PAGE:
Is my loan canceled?
Not necessarily—if you owe more than $10,000 (or more than $20,000 as a Pell Grant recipient), you are responsible for any additional amount you owe after the initial amount forgiven. The forgiveness plan provides some relief for the mounting student loan debt plus negates some effects of the pandemic, as many people found themselves unexpectedly without a job at some point over the last two years.
Does everyone get loan forgiveness?
Most federal loans are eligible for forgiveness. However, this does not mean that all hope is lost. If you struggle to make your private student loan payments, reach out to the company that provided your loan. Many offer programs or options that can give you some financial slack for a little while. Don’t get yourself into even more debt, though—be sure to verify the terms of your private loan options just like you would for the loan itself. If your monthly payments are too high, you can refinance or consolidate your private loans to lower your payment or have one manageable loan.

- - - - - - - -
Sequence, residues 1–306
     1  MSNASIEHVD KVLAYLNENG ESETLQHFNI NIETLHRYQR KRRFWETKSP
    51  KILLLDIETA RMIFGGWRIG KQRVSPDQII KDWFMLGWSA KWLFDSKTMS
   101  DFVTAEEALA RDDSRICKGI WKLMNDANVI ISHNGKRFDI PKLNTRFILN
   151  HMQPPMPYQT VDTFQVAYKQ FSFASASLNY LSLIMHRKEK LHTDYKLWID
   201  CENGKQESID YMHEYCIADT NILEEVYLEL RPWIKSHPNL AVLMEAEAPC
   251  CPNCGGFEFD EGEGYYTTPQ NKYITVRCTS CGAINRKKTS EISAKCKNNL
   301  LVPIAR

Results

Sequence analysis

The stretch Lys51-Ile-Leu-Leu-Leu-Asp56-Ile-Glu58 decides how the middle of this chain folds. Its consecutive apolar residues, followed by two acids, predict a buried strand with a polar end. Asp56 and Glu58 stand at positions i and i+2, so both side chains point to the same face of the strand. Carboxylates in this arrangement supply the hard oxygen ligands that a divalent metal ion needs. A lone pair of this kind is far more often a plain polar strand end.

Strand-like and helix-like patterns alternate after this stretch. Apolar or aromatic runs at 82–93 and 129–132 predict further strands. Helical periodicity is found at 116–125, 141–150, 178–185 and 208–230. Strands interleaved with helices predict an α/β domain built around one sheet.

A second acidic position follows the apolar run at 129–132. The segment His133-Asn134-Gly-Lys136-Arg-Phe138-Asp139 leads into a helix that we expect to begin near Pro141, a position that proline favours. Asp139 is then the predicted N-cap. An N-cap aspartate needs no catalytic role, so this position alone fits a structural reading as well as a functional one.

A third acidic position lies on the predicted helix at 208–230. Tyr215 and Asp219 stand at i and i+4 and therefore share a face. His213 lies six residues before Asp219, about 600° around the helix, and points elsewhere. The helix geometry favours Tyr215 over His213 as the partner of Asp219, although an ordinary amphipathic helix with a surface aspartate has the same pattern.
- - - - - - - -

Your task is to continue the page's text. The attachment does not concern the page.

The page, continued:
What about student loan relief?
Student loan relief is extended to December 31, 2022. After that, payments will resume. You have a few months to work things out, so take a look at your budget and determine how you can make those payments again as soon as the relief period ends.
How do I get loan forgiveness?
The application to receive student loan forgiveness will be ready by early October—you can sign up to receive updates on the form’s status. Be sure to have your information prepared before the application opens. Check that your income and loans qualify, and gather any records that might support your request. Federal student loan borrowers should aim to apply no later than November 15th. It will take around six weeks to get cancellation after applying for forgiveness, and you’ll want your balance to be eliminated or reduced before December 31st (when the payment pause expires).
If you’re not eligible for student loan forgiveness, or if you still owe a significant amount of money after part of your loans are forgiven, Georgia’s Own is here to help you gain control of your financial freedom. We offer the option to refinance or consolidate your federal and private loans into one monthly loan, giving you one manageable payment and excellent rates—and a quicker route to becoming debt free. Click here to get started today.